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So is the plan at #Mozilla now to simply sabotage every product we care about and focus on making stickers and a re-branded VPN?

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#Google server side tagging - as detailled here: A great step forward!

Except I'm calling it as an attempt to make tracking people online harder to detect simoahava.com/analytics/server

I spoke to the guy on the bird site - see his reaction twitter.com/jamesmullarkey/sta

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QuickJS was an interesting project to study! It's a small JavaScript engine that's still well optimized and feature complete without going overboard.

Since I mentioned line counts earlier QuickJS takes ~80k, over half of which is in one file.

It's implemented as a bytecode stack machine with what V8 calls "hidden classes".

Also has a REPL loop with a syntax highlighter, C transpiler, uglifier, and I/O library. Could replace Node.js quite well!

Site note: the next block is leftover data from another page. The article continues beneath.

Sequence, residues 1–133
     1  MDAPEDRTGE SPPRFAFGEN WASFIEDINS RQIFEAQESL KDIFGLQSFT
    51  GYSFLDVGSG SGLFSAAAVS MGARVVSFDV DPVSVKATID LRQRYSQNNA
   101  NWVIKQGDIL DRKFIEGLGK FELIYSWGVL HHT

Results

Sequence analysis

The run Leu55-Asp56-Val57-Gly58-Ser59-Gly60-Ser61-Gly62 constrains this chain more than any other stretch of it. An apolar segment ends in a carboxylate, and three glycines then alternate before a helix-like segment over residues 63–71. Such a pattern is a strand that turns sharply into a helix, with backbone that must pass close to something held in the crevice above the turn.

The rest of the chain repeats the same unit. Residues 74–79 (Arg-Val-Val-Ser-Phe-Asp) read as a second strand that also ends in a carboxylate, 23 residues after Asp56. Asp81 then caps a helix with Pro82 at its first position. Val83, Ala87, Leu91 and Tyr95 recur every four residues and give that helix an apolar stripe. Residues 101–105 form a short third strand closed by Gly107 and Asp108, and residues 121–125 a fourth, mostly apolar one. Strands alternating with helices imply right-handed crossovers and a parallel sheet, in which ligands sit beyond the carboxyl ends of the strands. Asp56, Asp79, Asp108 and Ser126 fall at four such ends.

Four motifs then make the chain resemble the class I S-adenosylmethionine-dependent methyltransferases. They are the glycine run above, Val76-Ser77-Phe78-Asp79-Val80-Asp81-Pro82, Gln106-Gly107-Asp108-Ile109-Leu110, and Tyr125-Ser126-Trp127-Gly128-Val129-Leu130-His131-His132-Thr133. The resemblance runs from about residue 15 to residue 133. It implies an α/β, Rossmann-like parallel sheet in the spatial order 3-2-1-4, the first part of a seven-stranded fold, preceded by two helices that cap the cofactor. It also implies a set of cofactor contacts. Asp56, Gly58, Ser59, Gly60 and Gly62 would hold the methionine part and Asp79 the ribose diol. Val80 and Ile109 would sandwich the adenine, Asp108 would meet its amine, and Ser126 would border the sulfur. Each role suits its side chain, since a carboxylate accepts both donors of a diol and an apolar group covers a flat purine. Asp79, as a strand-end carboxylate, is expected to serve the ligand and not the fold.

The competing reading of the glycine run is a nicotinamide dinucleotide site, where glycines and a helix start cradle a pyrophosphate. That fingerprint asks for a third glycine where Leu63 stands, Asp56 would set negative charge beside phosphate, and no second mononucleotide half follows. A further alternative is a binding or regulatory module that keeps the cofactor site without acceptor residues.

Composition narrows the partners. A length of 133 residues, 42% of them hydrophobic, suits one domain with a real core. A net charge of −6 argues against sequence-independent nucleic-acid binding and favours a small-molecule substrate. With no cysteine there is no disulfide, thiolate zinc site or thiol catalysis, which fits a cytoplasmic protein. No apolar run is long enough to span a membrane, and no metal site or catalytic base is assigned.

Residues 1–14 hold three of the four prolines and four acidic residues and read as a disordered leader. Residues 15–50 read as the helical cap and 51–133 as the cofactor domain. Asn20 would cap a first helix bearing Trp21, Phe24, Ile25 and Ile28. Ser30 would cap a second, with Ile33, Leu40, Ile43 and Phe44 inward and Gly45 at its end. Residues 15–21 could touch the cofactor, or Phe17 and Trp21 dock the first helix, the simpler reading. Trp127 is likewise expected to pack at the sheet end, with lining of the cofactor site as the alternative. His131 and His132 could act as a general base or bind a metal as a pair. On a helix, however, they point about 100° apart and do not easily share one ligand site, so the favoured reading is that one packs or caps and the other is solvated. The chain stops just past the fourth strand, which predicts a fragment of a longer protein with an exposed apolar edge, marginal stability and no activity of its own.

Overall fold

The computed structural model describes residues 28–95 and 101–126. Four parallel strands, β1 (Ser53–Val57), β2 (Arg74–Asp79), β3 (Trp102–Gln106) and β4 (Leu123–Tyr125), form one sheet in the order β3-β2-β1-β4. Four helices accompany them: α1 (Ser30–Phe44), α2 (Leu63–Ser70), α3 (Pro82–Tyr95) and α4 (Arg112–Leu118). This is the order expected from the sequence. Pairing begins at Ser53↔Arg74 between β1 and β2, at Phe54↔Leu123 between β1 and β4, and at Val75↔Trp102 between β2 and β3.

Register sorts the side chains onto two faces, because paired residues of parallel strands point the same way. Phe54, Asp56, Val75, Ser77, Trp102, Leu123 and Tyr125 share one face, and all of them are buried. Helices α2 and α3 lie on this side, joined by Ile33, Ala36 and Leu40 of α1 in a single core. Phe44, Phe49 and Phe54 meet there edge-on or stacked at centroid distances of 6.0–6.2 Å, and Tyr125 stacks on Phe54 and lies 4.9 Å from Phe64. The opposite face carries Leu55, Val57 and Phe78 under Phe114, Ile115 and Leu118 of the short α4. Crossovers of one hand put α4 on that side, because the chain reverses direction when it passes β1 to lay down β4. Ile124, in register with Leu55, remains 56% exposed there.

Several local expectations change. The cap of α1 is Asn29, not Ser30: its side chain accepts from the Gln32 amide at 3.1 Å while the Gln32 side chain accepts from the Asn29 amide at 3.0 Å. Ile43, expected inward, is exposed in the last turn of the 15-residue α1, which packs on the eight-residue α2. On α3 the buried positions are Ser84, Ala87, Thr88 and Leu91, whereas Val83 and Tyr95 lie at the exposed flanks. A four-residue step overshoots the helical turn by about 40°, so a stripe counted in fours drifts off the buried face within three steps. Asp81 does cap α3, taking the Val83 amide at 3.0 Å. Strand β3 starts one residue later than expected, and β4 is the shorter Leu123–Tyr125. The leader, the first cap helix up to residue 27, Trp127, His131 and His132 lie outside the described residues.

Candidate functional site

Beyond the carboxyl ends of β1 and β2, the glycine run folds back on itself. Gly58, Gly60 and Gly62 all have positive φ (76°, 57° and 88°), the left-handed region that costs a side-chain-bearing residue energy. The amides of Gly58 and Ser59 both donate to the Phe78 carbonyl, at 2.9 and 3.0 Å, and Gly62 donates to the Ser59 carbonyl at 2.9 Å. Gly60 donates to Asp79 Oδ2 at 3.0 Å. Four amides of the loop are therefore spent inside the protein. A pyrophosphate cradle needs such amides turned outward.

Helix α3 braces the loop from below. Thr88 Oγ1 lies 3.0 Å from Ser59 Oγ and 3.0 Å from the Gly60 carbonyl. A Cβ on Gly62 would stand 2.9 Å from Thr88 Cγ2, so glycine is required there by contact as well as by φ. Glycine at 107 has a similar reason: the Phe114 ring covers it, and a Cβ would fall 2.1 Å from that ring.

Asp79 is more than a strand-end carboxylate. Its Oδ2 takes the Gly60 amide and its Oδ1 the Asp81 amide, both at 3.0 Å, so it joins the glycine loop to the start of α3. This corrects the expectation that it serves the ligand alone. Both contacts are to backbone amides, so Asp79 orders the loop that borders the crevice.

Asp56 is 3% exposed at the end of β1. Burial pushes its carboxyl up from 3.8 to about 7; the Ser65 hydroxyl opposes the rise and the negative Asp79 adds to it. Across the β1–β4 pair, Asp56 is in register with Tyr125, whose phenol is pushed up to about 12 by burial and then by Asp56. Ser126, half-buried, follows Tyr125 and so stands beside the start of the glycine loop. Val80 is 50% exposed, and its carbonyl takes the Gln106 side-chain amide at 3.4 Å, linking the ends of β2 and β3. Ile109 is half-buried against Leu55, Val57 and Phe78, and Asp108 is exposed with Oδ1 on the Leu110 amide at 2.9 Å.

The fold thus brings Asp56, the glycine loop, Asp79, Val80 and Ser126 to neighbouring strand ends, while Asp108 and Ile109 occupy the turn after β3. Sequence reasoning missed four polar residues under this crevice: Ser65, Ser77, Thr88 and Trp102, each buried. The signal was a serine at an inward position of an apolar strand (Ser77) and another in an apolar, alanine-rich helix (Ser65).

bellard.org/quickjs/

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"I believe that algorithms can be used for good for so many things, but curating what you see and read isn't the best idea. I've realized how annoying Twitter became since they started to alter the feed."

Read the full article:
setofprinciples.com/micro-blog

#RSS #blog #decentralization

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Much as I like a lot of Aral Balkan's rhetoric, and rewatching him discuss the sad state of modern browsers, I just end up reflecting back to arguing with him regarding JavaScript.